The uncertain economy has left most gaming stocks in shambles. But in spite of the carnage in the sector, there is at least one company that you need to pay attention to. That's
Here's my thinking:
First off, even though the company isn't immune to macroeconomic conditions, it has advantages that its competition doesn't. For example, it has an extremely diverse revenue base in established markets throughout Nevada and Mississippi. It also has what are perceived to be "best-in-class" facilities in each of the markets in which it operates. And as a result of these factors, it has continued to draw some pretty healthy foot traffic.
But even beyond geography and prestige, the company has piqued my interest by selling off redundancies from the Steve Wynn era, including $150 million in art, a corporate jet and a Fifth Avenue apartment. It also announced plans to jettison underperforming noncore assets such as the company's interests in several South African casinos. And it has reduced its annual capital expenditures by about $50 million.
The end result:
Over the last three years management has taken more than $1.25 billion in debt out of the equation. And this has helped reduce the company's quarterly interest expense to roughly $70 million from more than $87 million just a year ago.
EBITDA per employee has jumped 30.6% over that period, while EBITDA per share has increased from $6.52 to $7.60.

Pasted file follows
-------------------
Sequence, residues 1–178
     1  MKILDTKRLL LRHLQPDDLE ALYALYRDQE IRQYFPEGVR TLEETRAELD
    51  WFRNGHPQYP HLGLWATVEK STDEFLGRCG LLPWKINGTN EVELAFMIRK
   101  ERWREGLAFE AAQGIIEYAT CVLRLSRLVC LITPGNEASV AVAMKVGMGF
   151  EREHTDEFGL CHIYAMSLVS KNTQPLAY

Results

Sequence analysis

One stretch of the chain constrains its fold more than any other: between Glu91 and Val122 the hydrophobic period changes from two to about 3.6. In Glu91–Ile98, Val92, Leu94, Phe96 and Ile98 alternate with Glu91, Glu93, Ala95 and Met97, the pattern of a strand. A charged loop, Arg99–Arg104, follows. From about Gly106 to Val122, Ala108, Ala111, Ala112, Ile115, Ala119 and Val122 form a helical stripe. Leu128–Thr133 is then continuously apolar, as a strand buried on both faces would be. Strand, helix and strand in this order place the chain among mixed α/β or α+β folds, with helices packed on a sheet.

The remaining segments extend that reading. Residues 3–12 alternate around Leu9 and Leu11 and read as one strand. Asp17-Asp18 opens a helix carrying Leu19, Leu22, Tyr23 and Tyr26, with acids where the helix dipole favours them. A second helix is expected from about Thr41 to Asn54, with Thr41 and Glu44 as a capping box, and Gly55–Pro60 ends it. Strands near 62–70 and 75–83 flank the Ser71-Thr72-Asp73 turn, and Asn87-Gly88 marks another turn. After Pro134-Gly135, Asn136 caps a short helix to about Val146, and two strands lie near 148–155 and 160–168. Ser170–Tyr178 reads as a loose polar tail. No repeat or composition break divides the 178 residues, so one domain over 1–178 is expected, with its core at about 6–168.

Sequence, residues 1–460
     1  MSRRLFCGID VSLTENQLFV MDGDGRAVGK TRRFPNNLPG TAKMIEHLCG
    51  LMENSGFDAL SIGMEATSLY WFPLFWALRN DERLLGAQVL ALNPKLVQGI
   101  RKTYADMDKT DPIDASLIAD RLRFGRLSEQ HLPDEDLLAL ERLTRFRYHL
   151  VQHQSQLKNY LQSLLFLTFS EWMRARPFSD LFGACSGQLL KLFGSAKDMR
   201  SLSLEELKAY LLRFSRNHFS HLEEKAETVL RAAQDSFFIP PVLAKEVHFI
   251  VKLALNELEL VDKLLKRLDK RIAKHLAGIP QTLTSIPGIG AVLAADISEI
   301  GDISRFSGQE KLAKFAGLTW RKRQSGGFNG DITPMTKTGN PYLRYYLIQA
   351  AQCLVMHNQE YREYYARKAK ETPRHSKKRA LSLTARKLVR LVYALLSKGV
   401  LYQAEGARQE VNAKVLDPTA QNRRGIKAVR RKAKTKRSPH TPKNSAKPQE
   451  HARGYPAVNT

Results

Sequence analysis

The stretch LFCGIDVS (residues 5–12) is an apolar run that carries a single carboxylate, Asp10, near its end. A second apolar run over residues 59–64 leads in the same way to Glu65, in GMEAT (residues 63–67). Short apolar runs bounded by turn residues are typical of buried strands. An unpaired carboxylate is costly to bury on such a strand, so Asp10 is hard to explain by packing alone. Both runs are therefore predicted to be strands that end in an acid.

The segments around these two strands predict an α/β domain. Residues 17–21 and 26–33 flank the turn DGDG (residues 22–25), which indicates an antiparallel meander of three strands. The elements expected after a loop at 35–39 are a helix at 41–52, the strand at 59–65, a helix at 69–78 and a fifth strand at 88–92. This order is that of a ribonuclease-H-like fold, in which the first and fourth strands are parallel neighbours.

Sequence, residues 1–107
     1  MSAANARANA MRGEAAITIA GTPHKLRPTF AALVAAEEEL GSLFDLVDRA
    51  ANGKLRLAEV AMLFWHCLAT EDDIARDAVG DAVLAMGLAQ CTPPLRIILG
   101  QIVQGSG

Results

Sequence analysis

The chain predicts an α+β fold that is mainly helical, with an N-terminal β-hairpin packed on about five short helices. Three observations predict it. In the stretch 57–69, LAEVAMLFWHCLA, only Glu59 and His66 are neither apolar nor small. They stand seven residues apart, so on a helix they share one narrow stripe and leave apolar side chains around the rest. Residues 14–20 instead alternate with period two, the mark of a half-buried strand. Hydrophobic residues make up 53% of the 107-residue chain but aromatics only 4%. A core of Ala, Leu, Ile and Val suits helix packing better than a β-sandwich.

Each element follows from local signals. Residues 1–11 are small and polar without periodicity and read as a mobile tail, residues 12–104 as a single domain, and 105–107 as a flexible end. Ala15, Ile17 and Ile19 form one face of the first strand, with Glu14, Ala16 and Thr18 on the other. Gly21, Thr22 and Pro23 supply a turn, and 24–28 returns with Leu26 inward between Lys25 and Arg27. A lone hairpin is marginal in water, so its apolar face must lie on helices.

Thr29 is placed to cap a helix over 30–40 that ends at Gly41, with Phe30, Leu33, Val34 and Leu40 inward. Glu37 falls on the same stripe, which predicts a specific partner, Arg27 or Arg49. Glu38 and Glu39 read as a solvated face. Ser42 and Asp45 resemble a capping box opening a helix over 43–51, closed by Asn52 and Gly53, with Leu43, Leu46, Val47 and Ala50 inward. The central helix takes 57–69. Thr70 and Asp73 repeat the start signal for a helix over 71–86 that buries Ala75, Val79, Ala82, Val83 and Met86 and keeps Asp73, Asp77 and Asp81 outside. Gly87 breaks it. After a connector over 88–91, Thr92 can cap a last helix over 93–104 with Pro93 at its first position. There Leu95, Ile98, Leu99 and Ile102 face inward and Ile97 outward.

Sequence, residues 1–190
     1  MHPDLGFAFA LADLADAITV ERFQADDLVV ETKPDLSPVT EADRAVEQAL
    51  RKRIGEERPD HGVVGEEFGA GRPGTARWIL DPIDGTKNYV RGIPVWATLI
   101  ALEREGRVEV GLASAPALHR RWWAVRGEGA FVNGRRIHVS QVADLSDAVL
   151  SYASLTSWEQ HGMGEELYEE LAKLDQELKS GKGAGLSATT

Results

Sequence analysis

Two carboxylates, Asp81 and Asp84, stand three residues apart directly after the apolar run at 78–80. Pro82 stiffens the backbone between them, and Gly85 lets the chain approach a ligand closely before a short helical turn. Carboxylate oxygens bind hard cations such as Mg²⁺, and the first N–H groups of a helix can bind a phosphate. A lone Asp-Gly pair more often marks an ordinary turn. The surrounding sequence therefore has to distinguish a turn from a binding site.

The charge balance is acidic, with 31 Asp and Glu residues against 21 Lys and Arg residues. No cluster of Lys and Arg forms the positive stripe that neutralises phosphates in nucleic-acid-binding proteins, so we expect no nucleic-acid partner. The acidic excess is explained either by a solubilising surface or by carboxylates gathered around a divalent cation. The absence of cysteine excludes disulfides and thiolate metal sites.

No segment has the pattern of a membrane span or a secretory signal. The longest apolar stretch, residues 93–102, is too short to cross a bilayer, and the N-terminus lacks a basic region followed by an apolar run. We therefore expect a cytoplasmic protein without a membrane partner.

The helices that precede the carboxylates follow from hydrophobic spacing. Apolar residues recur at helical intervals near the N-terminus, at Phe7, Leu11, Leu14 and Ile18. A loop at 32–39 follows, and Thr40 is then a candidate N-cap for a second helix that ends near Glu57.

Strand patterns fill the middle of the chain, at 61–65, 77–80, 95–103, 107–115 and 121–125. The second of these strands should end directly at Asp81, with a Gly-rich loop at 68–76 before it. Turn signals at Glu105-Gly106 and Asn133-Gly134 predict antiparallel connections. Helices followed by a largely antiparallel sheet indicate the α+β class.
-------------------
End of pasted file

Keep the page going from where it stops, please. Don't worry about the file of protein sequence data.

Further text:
Of course investors should understand that the story isn't just about cost-cutting. In fact, there are several catalysts on the horizon that should drive its revenue line as well.
Its biggest opportunity will come from "Borgata," which is an Atlantic City casino it's developing in conjunction with
. Assuming all goes well, the property should be up and running by next summer. What could this mean in terms of dollars and cents? It's too early to tell for sure. But the consensus is that it could tag on another $20 million to $25 million in EBITDA in 2003.
Then there's Detroit, where it recently gained approval from the city to erect a new $500 million, 400-room hotel and gaming venue. Assuming the project stays on budget and the weather remains friendly, the facility should be operational by December 2005, just in time for the Super Bowl. And although it's a bit early in the game, my contacts suggest that the property could add another $100 million in EBITDA.
Lastly, the company has 1,200 feet in Las Vegas strip road frontage that it could either develop or sell. To be clear, this is a wild card because realistically it could fetch north of $100 million for the land, then use the proceeds to pay down debt. But it could also build a "feeder" hotel that could serve the Bellagio and its nearby Boardwalk and Monte Carlo properties. Either way, it's a valuable asset that not too many investors are aware of that's sure to pay dividends down the line.
So what's MGM Mirage worth?
At minimum, $47. Here's my logic: Most analysts figure the company should garner a multiple of 8.5 times forward EBITDA, net of debt. And if, as I expect, MGM Mirage prints total EBITDA of $1.3 billion in 2003, the stock is easily worth 50% north of its recent $31 price.
Bottom line: In spite of the waning economy, MGM Mirage's improved cost structure and revenue-enhancing opportunities make it worth a look.
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In keeping with TSC's editorial policy, Glenn Curtis doesn't own or short individual stocks. He also doesn't invest in hedge funds or other private investment partnerships. Under no circumstances does the information in this column represent a recommendation to buy or sell stocks. Curtis welcomes your